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Historically a holiday intended to remind French nationals of their unity and power in the French Revolution, Bastille Day celebrations this week in Paris also contained displays of exciting, futuristic spectacles in creative French military safeguards against terrorism.
As imagining futuristic wars is no longer merely the province of fantasists and playful children, a small unit of science fiction writers now dubbed the "Red Team" has been officially employed by the French army to imagine possible guerilla attacks in the future and to likewise brainstorm ways to combat those as-yet-unseen assaults.
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In an attempt to lead military innovation and conduct preventive maintenance in protecting its citizens from lurking threats in technological warfare, the Red Team will utilize role-playing activities and other predictive techniques to try for a 4D view of how terrorists of the future may think and act.
As Paris has been the nexus point for terrorist devastation on more than one occasion, it should come as no surprise that the French army is currently attempting to lead the world in defense innovation.
Among the highlights of the gadgets and gizmos on display included the debut of one inventor Franky Zapata's ultra-cool flyboard. Jet-powered and reminiscent of the hoverboards everybody wanted from Back to the Future, this impressive device stunned an admiring tweet out of French President Emmanuel Macron, and lent a glimpse into the pioneering avenues the Red Team will be employing.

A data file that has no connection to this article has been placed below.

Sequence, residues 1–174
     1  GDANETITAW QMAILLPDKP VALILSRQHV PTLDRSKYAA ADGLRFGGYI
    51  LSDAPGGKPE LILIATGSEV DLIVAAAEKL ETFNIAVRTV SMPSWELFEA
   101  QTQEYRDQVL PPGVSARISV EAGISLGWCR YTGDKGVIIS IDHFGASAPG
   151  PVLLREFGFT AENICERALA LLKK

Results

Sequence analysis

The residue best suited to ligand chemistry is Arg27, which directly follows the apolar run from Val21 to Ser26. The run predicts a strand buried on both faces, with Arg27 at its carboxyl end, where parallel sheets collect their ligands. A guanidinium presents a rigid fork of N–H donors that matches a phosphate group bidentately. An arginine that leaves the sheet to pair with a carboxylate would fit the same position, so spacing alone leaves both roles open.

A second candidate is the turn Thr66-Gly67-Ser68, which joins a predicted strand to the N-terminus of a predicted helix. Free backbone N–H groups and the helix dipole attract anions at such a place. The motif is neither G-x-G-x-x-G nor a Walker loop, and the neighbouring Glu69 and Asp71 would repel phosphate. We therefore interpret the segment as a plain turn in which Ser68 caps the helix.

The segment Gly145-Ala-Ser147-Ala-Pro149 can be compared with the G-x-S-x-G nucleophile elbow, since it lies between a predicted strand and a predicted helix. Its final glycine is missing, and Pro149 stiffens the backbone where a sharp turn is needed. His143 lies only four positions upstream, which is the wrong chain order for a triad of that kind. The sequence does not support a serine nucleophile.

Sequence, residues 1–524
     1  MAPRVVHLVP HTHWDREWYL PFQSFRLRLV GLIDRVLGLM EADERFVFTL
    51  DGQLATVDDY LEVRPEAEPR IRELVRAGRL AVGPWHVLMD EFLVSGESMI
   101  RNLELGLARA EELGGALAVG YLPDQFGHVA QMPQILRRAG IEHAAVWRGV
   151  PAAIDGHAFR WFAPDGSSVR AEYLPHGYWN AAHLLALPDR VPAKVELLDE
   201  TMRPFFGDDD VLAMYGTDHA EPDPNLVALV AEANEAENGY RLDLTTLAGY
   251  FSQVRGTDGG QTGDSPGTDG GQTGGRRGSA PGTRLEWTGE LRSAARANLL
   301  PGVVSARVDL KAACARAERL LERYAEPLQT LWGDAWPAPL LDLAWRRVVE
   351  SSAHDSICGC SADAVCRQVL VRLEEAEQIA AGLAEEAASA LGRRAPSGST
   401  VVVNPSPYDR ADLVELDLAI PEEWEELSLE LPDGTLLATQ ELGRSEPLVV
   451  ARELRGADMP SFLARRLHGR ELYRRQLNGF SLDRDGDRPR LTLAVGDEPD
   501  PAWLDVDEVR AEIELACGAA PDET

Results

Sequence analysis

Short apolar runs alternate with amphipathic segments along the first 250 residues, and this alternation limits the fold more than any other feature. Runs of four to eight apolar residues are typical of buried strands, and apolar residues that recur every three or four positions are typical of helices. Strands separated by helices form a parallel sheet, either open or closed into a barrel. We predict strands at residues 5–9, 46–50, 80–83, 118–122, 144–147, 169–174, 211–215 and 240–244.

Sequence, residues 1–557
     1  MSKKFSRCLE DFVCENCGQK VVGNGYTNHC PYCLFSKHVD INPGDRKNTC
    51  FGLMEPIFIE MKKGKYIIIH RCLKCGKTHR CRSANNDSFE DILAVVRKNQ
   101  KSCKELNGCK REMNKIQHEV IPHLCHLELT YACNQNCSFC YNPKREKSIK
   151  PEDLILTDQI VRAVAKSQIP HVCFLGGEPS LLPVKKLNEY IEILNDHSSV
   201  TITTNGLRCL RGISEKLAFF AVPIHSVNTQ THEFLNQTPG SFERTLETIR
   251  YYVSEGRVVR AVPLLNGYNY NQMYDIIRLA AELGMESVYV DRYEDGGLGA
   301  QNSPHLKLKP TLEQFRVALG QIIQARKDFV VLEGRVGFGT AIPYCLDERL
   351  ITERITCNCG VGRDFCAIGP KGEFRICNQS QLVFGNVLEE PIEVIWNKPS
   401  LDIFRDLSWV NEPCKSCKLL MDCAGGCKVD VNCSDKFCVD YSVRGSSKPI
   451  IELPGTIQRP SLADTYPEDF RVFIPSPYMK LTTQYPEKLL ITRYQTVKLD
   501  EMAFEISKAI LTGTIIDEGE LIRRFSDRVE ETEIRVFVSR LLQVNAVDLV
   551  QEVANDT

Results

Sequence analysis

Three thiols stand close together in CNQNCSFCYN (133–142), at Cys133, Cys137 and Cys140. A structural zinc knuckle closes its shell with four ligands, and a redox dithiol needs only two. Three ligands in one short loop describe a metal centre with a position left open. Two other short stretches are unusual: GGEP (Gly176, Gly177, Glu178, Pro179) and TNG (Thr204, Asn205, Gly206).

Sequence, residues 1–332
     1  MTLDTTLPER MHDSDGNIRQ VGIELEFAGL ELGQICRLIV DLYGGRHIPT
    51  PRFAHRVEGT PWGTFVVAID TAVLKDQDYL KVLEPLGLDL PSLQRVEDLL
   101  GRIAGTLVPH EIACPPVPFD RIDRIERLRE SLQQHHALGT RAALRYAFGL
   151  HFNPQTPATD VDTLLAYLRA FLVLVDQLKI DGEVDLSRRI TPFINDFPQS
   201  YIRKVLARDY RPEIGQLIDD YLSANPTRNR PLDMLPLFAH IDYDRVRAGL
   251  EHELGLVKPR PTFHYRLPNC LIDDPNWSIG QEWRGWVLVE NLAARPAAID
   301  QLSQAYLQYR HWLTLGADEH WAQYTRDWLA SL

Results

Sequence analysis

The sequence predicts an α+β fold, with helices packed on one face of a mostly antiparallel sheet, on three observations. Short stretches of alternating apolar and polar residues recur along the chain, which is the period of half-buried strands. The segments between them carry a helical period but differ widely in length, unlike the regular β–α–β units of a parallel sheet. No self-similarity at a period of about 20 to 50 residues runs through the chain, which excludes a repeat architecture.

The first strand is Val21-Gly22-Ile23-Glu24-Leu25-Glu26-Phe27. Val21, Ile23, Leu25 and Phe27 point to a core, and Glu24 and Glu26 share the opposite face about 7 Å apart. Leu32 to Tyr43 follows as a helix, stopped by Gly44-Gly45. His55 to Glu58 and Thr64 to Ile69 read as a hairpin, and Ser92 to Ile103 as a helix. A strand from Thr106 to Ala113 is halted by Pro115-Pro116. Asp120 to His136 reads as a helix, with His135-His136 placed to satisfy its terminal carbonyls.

Demonstrations of a new rifle-style anti-drone gun called the Nerod F5 accompanied the awe inspired by Zapata's flyboard. Working via microwave jamming to disrupt communications between drones and their pilots, these visionary weapons could be the next wave in anti-spyware defense.
With reports of current tests underway that will allow robots to aid French troops in Mali, it would appear that the fiction is soon to be redefined in our collective notions of "science fiction" and that France may play a key role in revolutionizing military advancements in technology.
Watch the Nerod F5 in action above.